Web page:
Sina Iravanian

I blog about software development

jQuery Tips

Ready event

$(document).ready(function {
    // code here will execute after DOM is ready
// ... or ... 
// this is short for `ready` function
$(function () {
    // code here will execute after DOM is ready

ready vs window.onload: The ready event occurs after the HTML document has been loaded, while the onload event occurs later, when all content (e.g. images) also has been loaded.

The onload event is a standard event in the DOM, while the ready event is specific to jQuery. The purpose of the ready event is that it should occur as early as possible after the document has loaded, so that code that adds funcionality to the elements in the page doesn’t have to wait for all content to load [+].

Attribute selectors

Taken from [+]: Selecting an input element which has a name attribute with value of funny:


This is what is selected:

<input name="funny" type="text" value="alarm" />


jQuery’s each method

jQuery provides a generic each-function to iterate over properties of objects, as well as elements of arrays:

jQuery.each(obj, function(key, value) {
    console.log("key", key, "value", value);

This is my demo:

var arr = [1, 2, 3, 4];

var o = { name: "John", value: "Doe", age: 127,
  doSth: function () { console.log("Sth"); }

function iter(obj) {
  $.each(obj, function (k, v) {
      console.log(k + " -> " + v);

Note: In jQuery we have Array or these kinds of generics.


The following searches even-indexed table rows within the table with the given id:

var $table = $('#CustomersTable');
$('tr:even', $table).doSomething();

On the other hand the following:

$("<li />", { "text": "Hi" }).appendTo($("#sth"));​​​​​​

creates <li>Hi</li> and appends to an element with id of sth. It seems that one can pass the properties to be set in a separate object as the second argument.

If we want to look for several items we have to separate them with comma inside the string:

$("#sth, #anotherthing, .someClass");

The existence of comma and the placement of selectors in string is very important, for example the following selects all lis which are descendants to uls, not both of them:

$("ul li");

See these examples from [+] and [+]:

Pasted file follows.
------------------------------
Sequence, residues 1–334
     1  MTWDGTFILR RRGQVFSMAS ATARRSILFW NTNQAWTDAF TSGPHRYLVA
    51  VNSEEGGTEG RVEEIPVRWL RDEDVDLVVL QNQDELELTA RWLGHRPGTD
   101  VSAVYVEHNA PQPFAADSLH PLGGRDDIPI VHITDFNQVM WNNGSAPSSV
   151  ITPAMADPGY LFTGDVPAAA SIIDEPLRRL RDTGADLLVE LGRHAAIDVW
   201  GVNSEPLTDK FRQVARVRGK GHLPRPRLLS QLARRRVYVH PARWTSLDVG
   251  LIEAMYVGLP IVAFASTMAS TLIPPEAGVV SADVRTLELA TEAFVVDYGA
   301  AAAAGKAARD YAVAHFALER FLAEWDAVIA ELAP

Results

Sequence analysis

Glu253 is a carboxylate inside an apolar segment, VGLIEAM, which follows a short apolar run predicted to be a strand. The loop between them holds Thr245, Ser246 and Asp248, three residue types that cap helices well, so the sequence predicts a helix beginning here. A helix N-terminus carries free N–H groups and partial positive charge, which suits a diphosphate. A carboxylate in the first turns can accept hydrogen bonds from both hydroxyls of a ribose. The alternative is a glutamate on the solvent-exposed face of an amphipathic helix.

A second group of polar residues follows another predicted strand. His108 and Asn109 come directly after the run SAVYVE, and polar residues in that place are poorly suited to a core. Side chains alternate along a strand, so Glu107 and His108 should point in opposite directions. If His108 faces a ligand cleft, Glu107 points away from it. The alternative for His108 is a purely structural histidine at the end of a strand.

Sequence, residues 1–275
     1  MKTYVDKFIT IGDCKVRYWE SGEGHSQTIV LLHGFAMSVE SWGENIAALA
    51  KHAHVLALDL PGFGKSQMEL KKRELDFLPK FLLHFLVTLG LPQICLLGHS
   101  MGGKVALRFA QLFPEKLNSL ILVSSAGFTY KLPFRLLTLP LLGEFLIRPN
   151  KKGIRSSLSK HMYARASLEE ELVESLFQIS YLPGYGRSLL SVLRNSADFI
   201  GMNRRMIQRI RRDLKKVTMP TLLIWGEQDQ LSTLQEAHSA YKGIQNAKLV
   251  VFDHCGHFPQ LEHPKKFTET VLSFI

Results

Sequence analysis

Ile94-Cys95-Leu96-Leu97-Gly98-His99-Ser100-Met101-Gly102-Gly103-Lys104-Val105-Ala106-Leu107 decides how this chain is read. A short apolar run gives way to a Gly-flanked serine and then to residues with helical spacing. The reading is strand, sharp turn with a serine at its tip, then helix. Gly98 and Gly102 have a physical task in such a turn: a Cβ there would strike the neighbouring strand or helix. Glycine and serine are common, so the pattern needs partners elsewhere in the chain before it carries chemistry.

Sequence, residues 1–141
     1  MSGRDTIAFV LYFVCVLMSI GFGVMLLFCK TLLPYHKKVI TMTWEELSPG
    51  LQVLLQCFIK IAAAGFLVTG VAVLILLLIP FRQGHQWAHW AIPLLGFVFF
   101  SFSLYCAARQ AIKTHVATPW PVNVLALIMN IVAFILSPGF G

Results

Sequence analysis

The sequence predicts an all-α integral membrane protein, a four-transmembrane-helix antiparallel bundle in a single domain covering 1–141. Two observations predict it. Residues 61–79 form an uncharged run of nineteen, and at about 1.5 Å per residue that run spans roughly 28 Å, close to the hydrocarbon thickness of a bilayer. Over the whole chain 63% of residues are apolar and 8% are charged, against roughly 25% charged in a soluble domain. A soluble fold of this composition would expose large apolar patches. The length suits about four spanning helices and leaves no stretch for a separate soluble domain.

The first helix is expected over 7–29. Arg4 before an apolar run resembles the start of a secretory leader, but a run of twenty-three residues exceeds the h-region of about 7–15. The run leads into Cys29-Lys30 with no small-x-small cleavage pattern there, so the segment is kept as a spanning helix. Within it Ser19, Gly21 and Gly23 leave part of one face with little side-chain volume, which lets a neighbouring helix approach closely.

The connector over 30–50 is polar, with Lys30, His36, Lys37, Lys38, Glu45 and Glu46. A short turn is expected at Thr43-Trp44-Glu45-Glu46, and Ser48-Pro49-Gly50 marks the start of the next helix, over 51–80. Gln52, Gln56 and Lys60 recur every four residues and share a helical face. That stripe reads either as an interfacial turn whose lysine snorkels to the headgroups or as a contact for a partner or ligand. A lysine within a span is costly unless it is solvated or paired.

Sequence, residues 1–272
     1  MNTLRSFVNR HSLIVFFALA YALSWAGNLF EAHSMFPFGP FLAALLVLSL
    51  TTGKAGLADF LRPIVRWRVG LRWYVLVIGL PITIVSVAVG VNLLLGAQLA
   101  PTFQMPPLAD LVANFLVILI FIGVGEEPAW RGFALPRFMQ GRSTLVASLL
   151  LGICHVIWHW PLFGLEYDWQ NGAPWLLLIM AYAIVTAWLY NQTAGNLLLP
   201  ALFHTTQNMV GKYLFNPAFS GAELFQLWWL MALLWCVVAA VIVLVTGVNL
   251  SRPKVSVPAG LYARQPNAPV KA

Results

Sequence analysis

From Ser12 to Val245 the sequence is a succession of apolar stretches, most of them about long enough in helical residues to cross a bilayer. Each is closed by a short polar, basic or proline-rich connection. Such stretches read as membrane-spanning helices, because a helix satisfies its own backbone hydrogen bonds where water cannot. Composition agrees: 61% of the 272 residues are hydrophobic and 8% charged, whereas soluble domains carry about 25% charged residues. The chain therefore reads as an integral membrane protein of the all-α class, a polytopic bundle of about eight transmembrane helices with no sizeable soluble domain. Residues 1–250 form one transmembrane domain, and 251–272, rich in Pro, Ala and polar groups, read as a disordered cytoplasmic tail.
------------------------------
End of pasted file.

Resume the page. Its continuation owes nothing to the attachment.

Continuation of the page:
$("*"); // all selector: selects all elements
$("prev next"); // descendant selector
$("prev > next"); // child selector
// Selects all next elements matching "next"
// that are immediately preceded by a sibling "prev"
$("prev + next"); // next adjacent selector
$("prev ~ next"); // next sibling selector
// Selects all sibling elements that follow 
// after the "prev" element, have the same parent, 
// and match the filtering "siblings" selector.

The notable difference between (prev + next) and (prev ~ siblings) is their respective reach. While the former reaches only to the immediately following sibling element, the latter extends that reach to all following sibling elements.

$("prev next:first"); // first element in a result-set
$("prev next:first-child"); // first child of a parent
// returns one per parent

While :first matches only a single element, the :first-child selector can match more than one: one for each parent. :first is equivalent to :nth-child(1).

	<next>...</next> // :first and :first-child
	<next>...</next> // :first-child only (not :first)

$("prev next:last"); // last element in a result-set
$("prev next:last-child"); // last element of a parent, 
// returns 1 per parnet

:contains selector, works on values:

// selects ...
<li class="someClass">sth</li>

:has() selector:

$("div:has(p)") // selects all `div`s which have `p`s inside

There’s a hover event in jQuery which seems to be fired on both mouseenter and mouseleave, therefore one must have a same code for the handler.